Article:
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Thread: GTK+ Continues To Become More X11-Agnostic

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  1. #1
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    Default GTK+ Continues To Become More X11-Agnostic

    Phoronix: GTK+ Continues To Become More X11-Agnostic

    As good news for those of you interested in GTK+ applications on Mac OS X and other operating systems, or to even run such applications within a Wayland Display Server on Linux rather than an X Server, this tool-kit used by GNOME continues to become more X11-agnostic and easier to port...

    http://www.phoronix.com/vr.php?view=ODY3OA

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    Does GTK have native file dialogs yet or is it still useless for cross-platform development? How about a global menu on Mac OS X? Or native icons?

    Version 2.20 is a mess.

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    Quote Originally Posted by BlackStar View Post
    Does GTK have native file dialogs yet or is it still useless for cross-platform development? How about a global menu on Mac OS X? Or native icons?

    Version 2.20 is a mess.
    file dialogs - nope
    still useless for cross platform development - nope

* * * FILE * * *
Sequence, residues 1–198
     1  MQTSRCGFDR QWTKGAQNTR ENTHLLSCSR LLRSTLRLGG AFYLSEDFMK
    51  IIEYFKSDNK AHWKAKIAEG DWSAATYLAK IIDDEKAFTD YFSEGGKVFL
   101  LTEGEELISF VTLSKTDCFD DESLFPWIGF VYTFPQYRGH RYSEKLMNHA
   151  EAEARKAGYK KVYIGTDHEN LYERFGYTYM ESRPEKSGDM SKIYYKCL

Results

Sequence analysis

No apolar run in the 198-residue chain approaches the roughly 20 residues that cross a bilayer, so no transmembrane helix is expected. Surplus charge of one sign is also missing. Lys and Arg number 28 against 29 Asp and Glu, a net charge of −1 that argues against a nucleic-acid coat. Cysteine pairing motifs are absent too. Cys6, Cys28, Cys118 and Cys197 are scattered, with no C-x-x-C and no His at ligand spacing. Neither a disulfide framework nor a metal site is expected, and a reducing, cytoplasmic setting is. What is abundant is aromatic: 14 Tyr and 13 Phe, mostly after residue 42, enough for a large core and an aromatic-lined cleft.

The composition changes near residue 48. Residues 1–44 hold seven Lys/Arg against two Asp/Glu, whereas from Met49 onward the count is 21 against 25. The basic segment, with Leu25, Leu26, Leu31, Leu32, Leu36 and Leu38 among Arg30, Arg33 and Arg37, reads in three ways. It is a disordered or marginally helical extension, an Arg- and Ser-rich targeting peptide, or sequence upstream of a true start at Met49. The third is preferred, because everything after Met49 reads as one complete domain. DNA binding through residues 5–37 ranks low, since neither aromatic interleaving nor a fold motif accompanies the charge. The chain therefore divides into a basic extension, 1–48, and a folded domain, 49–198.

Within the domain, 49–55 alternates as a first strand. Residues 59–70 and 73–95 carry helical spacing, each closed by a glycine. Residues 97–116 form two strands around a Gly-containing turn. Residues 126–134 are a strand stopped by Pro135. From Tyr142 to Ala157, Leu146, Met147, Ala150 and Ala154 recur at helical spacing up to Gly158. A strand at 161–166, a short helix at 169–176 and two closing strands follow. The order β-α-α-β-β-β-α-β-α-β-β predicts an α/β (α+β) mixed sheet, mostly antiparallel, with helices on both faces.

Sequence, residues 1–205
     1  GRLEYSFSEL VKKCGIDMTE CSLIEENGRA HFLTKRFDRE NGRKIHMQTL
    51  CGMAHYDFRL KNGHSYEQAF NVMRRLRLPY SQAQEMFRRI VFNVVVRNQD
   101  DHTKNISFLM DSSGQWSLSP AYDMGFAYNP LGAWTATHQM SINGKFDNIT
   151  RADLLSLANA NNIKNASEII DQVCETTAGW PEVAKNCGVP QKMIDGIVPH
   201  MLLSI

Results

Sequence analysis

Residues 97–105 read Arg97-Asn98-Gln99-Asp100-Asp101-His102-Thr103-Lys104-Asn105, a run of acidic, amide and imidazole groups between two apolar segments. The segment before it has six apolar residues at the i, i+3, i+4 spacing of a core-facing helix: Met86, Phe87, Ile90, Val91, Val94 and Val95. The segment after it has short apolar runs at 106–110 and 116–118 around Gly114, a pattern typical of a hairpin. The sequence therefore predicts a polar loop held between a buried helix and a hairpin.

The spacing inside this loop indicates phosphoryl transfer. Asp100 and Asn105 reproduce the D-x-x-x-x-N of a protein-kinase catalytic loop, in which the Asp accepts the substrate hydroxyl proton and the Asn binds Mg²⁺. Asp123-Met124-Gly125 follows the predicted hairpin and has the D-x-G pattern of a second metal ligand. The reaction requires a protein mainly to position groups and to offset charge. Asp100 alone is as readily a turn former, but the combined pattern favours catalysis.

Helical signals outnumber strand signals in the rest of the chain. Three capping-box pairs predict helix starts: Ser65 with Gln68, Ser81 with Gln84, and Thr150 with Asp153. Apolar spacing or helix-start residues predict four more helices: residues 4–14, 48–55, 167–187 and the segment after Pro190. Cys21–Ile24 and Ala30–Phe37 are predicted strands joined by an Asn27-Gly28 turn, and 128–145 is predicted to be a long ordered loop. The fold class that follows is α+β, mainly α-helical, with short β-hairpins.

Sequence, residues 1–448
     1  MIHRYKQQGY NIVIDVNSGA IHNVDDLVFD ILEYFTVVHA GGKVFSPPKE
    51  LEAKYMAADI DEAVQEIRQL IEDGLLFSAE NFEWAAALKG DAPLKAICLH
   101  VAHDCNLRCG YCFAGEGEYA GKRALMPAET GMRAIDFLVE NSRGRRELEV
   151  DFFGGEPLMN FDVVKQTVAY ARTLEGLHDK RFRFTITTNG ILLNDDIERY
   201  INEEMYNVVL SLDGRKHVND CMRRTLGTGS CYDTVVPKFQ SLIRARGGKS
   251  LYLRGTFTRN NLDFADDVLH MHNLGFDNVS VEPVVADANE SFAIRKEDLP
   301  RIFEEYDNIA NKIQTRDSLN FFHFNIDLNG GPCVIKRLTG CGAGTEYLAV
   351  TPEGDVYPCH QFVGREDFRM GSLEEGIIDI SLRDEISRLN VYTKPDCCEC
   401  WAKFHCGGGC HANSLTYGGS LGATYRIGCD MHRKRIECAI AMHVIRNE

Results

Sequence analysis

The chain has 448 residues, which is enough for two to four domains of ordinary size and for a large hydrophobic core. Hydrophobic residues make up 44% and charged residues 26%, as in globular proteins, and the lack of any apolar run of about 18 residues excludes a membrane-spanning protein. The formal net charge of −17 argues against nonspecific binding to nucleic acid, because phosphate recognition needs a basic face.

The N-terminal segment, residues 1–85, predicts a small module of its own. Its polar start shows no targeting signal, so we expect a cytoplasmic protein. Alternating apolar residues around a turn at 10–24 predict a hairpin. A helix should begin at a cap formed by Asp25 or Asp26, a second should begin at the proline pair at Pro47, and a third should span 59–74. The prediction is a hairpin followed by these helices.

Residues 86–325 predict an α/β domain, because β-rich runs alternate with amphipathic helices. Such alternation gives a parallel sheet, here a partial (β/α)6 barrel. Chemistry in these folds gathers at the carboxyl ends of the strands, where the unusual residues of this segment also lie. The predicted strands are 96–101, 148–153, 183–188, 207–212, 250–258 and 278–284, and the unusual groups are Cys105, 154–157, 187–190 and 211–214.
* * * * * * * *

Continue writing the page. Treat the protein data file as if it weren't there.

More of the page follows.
global menu - yip, ige-mac-integration, http://gtk-osx.sourceforge.net/
    native icons - nope, never heard this feature request before

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    Quote Originally Posted by BlackStar View Post
    Does GTK have native file dialogs yet or is it still useless for cross-platform development? How about a global menu on Mac OS X? Or native icons?

    Version 2.20 is a mess.
    It's not useless for cross-platform development, I use it all the time.

    File dialogs you get the standard GTK file dialog (you can design it with Glade, for example), not a Windows / OSX dialog, but it works fine. Remember, this is not Windows forms but GTK.

    I use applications on Windows all the time that do not have the standard file dialog, or the standard look and feel, and they are native Windows applications. So I do not see a problem there, honestly. The Windows-world is full of applications that don't use the standard UI, and we get by just fine.